During the night of February 5, 1985, 68-year-old Helen Wilson was sexually assaulted and killed in her residence in Beatrice, Nebraska. Her body was found in her apartment the next morning by her sister. Her autopsy revealed she had been sexually assaulted, stabbed and suffocated to death.
Four years later, six people – three men and three women – were wrongfully accused and convicted of committing the crime together. Based on statements from alleged participants and informants, six people were arrested in 1989 and charged in relation to the murder including James Dean.
One of the accused, James Leroy Dean, became a suspect because his friend drove a car similar to the one witnesses said to have seen the night of the murder. His friend who owned the car, Thomas Winslow, was in custody at the time for unrelated charges. He was investigated for the murder of Helen Wilson. His assistance allowed Winslow to be released from custody on a bond pending charges.
Soon after, James was charged with sexual assault and first-degree murder. He plead guilty, and would testify falsely to his alleged role in the crime at the trial of co-defendant in exchange for a lighter sentence. The prosecution needed his testimony to secure a conviction against Winslow. He was sentenced to 10 years in prison and freed in 1994 after serving nearly five years.
During the autopsy of Helen, semen was collected from her body. As well from the crime scene, a cutting from the carpet below her body and a cutting from her nightgown were collected and found to have semen on them. Bloodstains were also identified on Helen’s clothing and bedding. Investigators also found three fingerprints in her house, including one on a knife and two on a doorframe. Despite there being ample forensic evidence, wrongful convictions would ensure for six people wrongfully convicted of criminal offences in relation to Helen Wilson’s murder.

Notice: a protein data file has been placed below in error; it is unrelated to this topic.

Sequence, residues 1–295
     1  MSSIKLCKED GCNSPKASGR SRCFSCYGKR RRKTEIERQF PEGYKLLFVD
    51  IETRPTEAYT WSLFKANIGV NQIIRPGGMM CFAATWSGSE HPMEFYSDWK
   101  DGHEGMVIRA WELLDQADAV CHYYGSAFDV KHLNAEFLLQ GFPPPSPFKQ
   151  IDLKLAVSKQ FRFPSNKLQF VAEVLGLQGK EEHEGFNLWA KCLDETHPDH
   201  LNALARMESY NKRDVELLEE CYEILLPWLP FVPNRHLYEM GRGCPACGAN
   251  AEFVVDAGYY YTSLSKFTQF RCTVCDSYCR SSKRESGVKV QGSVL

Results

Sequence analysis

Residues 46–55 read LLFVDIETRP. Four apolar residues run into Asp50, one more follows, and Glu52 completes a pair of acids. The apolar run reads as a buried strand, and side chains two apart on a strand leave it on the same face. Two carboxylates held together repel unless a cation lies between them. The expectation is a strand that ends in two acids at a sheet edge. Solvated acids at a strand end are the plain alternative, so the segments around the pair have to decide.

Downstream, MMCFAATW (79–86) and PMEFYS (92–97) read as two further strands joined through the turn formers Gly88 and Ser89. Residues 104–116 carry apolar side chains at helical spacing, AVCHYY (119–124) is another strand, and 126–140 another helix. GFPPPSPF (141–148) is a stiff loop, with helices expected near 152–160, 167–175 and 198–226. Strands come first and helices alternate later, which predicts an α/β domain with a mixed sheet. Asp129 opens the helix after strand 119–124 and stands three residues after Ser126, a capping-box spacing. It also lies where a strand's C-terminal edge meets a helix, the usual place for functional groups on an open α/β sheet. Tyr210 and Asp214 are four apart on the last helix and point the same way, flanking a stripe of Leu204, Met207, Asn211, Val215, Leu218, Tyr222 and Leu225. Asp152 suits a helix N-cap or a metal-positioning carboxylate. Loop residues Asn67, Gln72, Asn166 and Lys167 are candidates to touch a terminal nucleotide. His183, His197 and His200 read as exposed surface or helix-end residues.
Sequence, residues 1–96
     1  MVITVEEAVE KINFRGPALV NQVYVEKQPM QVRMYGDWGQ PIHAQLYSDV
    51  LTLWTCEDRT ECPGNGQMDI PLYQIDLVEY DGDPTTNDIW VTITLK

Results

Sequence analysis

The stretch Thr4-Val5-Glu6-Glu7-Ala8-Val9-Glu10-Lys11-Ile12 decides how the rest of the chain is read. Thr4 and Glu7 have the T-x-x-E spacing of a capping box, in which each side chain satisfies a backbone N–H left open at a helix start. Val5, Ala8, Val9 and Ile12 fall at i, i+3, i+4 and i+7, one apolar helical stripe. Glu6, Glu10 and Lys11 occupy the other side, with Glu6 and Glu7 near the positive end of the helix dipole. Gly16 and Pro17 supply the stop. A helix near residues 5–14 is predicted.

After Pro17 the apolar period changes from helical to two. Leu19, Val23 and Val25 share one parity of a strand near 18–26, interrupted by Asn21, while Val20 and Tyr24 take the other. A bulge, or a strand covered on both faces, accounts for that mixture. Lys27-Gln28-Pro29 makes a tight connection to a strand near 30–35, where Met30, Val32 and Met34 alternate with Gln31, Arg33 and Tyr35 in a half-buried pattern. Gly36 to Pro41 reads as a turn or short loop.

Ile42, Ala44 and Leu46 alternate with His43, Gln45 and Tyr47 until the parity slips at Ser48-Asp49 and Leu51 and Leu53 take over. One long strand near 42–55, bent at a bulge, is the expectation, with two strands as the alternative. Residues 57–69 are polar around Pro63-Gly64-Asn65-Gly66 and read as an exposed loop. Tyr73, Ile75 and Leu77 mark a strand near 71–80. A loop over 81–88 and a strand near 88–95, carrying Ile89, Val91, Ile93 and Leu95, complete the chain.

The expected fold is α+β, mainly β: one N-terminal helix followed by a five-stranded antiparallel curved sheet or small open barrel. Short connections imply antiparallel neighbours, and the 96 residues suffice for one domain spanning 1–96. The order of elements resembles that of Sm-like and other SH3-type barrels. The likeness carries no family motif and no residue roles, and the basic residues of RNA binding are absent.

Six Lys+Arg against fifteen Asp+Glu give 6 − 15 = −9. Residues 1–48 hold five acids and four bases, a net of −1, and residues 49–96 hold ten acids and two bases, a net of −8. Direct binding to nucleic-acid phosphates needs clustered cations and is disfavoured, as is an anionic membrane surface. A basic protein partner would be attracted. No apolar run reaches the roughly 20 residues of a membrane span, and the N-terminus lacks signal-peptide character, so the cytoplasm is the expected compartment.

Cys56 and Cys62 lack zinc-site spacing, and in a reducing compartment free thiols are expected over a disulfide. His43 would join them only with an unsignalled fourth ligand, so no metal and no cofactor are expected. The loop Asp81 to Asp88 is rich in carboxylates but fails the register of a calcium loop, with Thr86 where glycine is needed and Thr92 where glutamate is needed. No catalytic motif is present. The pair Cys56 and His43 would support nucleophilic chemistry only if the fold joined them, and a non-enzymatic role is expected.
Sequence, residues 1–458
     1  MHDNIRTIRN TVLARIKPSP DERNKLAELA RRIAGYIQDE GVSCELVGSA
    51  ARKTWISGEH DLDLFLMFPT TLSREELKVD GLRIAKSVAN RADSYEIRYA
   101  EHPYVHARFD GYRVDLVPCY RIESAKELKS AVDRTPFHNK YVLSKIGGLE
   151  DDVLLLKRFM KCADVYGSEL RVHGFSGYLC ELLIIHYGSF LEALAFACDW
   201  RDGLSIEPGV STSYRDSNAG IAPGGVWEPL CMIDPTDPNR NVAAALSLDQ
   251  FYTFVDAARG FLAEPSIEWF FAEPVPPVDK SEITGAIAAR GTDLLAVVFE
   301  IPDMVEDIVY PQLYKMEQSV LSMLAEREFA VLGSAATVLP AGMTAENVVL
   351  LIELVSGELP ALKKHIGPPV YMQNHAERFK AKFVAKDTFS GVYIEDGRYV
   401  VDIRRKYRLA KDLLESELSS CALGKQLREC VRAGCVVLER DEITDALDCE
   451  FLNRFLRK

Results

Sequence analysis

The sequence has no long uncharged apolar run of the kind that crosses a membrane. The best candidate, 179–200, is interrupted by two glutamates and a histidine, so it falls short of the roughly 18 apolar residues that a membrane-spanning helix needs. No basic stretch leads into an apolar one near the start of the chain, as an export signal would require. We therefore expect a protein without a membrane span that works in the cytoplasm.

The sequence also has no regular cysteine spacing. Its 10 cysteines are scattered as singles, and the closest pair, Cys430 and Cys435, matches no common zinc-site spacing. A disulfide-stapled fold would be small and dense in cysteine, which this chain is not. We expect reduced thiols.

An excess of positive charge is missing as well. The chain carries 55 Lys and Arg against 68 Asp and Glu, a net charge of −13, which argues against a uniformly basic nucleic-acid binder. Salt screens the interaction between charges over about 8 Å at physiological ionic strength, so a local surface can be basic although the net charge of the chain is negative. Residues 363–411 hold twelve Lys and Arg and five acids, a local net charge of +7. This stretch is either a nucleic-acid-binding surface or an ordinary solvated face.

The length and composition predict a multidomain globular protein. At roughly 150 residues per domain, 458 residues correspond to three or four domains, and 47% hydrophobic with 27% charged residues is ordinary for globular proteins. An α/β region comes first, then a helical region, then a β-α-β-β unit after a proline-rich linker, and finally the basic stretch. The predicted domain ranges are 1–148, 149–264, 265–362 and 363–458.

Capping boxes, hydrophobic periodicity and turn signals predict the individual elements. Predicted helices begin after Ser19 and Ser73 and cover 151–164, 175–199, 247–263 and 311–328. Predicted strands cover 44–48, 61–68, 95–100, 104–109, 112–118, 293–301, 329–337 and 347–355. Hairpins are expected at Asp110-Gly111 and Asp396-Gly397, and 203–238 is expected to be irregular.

Fearing a lengthy sentence, James Dean falsely admitted involvement in the crime. Despite that he would say in a July 1989 deposition that 70-90% of his recollection came from dreams his confession was not contested.
At his co-accused trial forensic analysts stated that testing on blood and semen from the crime scene and could have come from almost anyone.
Dean served approximately four and a half years before being released. Appeals of his and those of his co-accused were repeatedly denied by Nebraska courts. It wasn’t until late 2007, that Dean’s co-accused would finally obtained access to DNA testing on the semen from the crime scene. The results matched the profile of Bruce Allen Smith, a man who was originally a leading suspect in the days following the murder. He had been improperly excluded from false DNA results.
White was fully exonerated when charges against him were dropped on November 10, 2008. On January 26, 2009, his five co-defendants were pardoned by the state, clearing their names entirely. They were the first six people exonerated by DNA evidence in Nebraska history.